Constructed of timber, York Castle was built in 1068 by William the Conqueror to control northern England. It was located in York of North Yorkshire England near Old Baile, which existed across the River Ouse. However, both were burnt to the ground in 1069 by the Danish and English Northerners who opposed William's rule. Today, only earthworks of the second castle, Old Baile, remain.
William paid the Danes to leave England and wanted to face the Northern English in battle but none would face him. As a result, he burnt cities, towns and fields to the ground across the north, particularly in Yorkshire and City of York as a warning concerning any potential future rebellions. This became known as the Harrying of the North. In 1069 and 1070, York Castle was rebuilt in timber and enhanced to include water defenses including a moat.
King Henry II temporarily visited at York on several occasions and, in 1175, received recognition from King William of Scotland while in York.
In March 1190, 150 Jews sought refuge within the keep of York Castle from a rioting mob. Surrounded and trapped within the castle, the Jews took their own lives rather than surrender to the rioters. The timber keep was once again burnt to the ground.
Approximately half a century later in 1244, King Henry III arranged for rebuilding of York Castle by Master Henry the Mason. The structure was composed of stone in order to bring it up to standards of the time. Efforts included construction of the unique quatrefoil shaped keep that remains today. Moreover, stone walls replaced timber ones surrounding the outer bailey similar to many Norman motte and bailey castles of the period.
King Edward I spent a great deal of time at York Castle, which served as his staging point for aggressions with Scotland in the North. Between 1298 and 1338, royal administrative duties were frequently relocated from London to York Castle. In 1308, 25 Knights Templar were held prisoner at York Castle while awaiting trial in nearby York Minster regarding chargers of heresy. In 1310, they were found innocent, however, the order was stripped of its possessions and disbanded. This represented a much less violent outcome than those Templars burned at the stake in France.
By the end of the 14th century, York Castle was primarily utilized as a prison, holding up to 310 prisoners in its towers at any given time. In 1536, Robert Aske was imprisoned at York Castle and executed there upon order of King Henry VIII following Aske’s protests against Dissolution of the Monasteries, known as the Pilgrimage of Grace.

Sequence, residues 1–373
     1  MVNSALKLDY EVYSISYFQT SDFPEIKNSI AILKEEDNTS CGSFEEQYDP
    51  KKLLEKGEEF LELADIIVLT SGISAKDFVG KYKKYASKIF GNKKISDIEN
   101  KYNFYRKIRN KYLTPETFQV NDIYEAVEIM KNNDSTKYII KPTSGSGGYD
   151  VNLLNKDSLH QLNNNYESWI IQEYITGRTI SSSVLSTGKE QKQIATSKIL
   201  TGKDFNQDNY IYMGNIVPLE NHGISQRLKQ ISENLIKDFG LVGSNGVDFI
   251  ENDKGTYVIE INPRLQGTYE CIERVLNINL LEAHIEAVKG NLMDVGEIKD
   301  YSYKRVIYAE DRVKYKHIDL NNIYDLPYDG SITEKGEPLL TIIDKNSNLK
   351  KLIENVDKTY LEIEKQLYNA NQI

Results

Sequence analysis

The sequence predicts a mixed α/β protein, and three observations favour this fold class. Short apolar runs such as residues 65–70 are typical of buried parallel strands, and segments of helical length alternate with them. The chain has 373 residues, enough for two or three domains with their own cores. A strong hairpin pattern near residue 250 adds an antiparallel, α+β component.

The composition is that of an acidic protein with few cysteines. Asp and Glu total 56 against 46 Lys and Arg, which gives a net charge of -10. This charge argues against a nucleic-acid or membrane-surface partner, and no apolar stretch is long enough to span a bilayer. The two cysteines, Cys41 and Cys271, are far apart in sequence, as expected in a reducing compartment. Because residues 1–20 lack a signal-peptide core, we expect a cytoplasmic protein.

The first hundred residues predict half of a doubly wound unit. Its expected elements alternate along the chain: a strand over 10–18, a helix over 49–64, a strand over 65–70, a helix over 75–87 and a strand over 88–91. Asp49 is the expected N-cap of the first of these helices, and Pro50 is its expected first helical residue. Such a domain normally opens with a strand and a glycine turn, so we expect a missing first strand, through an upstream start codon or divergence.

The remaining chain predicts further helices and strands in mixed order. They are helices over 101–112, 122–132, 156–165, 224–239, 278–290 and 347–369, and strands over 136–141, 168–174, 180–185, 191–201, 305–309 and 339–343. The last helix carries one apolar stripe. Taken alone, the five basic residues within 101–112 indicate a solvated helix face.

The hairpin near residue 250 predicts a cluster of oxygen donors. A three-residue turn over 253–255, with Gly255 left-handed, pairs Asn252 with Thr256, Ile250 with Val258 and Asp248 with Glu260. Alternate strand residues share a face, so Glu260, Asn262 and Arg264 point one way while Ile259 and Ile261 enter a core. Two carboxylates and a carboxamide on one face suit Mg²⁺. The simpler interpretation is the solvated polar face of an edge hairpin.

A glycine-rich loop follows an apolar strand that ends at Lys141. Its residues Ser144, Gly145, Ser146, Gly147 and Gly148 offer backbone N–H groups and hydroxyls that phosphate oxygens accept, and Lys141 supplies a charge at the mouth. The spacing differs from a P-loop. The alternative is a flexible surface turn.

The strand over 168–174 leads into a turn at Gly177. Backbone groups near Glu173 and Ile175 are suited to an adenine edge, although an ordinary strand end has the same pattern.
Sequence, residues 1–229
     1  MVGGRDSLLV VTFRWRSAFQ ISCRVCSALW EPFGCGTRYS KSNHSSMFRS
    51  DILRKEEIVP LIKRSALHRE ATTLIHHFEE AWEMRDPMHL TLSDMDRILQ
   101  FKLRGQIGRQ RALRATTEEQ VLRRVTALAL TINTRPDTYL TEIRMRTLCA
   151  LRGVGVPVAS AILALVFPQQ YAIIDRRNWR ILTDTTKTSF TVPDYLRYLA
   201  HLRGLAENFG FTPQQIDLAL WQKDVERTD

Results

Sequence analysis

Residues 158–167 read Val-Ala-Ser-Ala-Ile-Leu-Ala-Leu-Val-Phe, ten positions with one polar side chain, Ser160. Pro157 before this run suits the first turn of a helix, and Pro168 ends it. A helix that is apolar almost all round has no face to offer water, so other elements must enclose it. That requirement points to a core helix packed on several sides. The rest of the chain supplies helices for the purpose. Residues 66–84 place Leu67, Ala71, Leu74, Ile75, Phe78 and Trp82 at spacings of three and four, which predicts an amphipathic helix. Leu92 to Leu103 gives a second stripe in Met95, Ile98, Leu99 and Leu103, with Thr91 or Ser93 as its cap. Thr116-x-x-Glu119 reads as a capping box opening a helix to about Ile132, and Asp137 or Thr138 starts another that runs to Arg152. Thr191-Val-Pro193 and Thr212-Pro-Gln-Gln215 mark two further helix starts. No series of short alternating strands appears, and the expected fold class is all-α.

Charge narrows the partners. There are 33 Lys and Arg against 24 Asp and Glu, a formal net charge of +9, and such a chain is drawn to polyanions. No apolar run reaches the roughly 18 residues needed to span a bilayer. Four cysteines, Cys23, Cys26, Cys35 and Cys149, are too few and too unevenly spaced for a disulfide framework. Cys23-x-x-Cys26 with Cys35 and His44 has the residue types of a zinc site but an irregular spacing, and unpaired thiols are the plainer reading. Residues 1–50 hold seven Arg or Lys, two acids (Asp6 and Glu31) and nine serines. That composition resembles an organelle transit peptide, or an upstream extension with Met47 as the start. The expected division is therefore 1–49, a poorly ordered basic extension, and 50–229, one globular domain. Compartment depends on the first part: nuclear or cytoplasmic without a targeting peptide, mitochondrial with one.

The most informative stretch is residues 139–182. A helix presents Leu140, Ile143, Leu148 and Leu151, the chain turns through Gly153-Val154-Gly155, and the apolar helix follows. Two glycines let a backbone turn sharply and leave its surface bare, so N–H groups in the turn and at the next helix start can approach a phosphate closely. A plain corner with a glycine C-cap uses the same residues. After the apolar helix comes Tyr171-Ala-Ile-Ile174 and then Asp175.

Towards the end of the 16th century, the Clifford family comprising the Earls of Cumberland, became constables of the castle. At this time, the keep became known as Clifford’s Tower.
In July 1644, the city of York including York castle surrendered to Parliamentarian forces after Royalists were defeated the day before at the Battle of Marston Moor just five miles from York. This would be the last conflict involving the castle.
Approximately a century later in 1739, John Palmer was arrested for horse theft and held prisoner at York Castle. Following a letter he wrote to his brother-in-law, a former school teacher recognized the handwriting and identified him as none other than the infamous highwayman Dick Turpin. Thereafter, Turpin was found guilty and sentenced to death by hanging.
By the 19th century, Clifford’s Tower was all that remained of York Castle as the mills and prisons were no longer needed. The prison portion of the outer bailey closed in 1929 and several prison buildings demolished in 1935 with the exception of those designated to incarcerate women and debtors.
Today, only a small section of a rampart wall, corner tower and fragments of the south gatehouse behind the Crown Court building comprising Clifford's Tower high atop its earthen motte remain from original medieval York Castle. Currently, the structure resides under the care of English Heritage, which managed more than 400 historic monuments, buildings and places.
The most significant feature of York Castle is undoubtedly the keep referenced as Clifford’s Tower. In fact most people in the north call the castle Clifford’s Tower these days rather than York Castle. The keep is unique given quatrefoil shaped shell consisting of four overlapping circles similar to the shape of a four leaf clover. There is a small gatehouse at the entrance of the keep that houses a chapel above the gatehouse.
Although the keep no longer has a roof, it is still possible to attain breathtaking views of York from the top of its remnants or alternatively York Minster across town. The buildings in front of the keep entrance were once used as prisons within the old castle walls but today serve as the Crown Court building and Castle Museum. Behind the Court House exists a small section of the outer bailey wall and small corner tower that avoided destruction when remainder of the outer bailey was removed during the early 20th century. York Castle can be thoroughly explored in approximately an hour. For convenience, a car park is located next to the castle, which enables an easy walk from the train station, as well as through the city.
The city of York surrounding the castle is well worth a visit. Highlights include cobble stone streets, Viking and Roman history, as well as York Minster. For spine-chilling fun, I recommend the Ghost Hunt of York which begins at Shambles every night at 7:30 PM.
The castles of Knaresborugh, Spofforth and Ripley are located within 50 miles of York to the east towards Harrogate.